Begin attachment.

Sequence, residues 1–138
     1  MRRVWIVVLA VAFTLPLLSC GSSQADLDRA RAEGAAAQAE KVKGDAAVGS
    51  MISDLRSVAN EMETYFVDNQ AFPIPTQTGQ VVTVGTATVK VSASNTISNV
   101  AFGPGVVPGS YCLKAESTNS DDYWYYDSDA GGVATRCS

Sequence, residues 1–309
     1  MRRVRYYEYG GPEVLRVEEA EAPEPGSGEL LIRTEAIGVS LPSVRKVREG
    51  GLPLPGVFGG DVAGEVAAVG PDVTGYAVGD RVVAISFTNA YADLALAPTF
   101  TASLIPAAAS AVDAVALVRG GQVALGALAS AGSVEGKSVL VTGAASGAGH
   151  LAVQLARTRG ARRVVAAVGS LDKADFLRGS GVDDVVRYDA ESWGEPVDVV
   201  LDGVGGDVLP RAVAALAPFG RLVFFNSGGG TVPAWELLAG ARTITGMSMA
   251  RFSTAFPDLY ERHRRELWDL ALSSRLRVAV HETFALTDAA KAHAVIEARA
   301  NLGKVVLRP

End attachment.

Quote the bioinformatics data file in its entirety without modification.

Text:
Sequence, residues 1–138
     1  MRRVWIVVLA VAFTLPLLSC GSSQADLDRA RAEGAAAQAE KVKGDAAVGS
    51  MISDLRSVAN EMETYFVDNQ AFPIPTQTGQ VVTVGTATVK VSASNTISNV
   101  AFGPGVVPGS YCLKAESTNS DDYWYYDSDA GGVATRCS

Sequence, residues 1–309
     1  MRRVRYYEYG GPEVLRVEEA EAPEPGSGEL LIRTEAIGVS LPSVRKVREG
    51  GLPLPGVFGG DVAGEVAAVG PDVTGYAVGD RVVAISFTNA YADLALAPTF
   101  TASLIPAAAS AVDAVALVRG GQVALGALAS AGSVEGKSVL VTGAASGAGH
   151  LAVQLARTRG ARRVVAAVGS LDKADFLRGS GVDDVVRYDA ESWGEPVDVV
   201  LDGVGGDVLP RAVAALAPFG RLVFFNSGGG TVPAWELLAG ARTITGMSMA
   251  RFSTAFPDLY ERHRRELWDL ALSSRLRVAV HETFALTDAA KAHAVIEARA
   301  NLGKVVLRP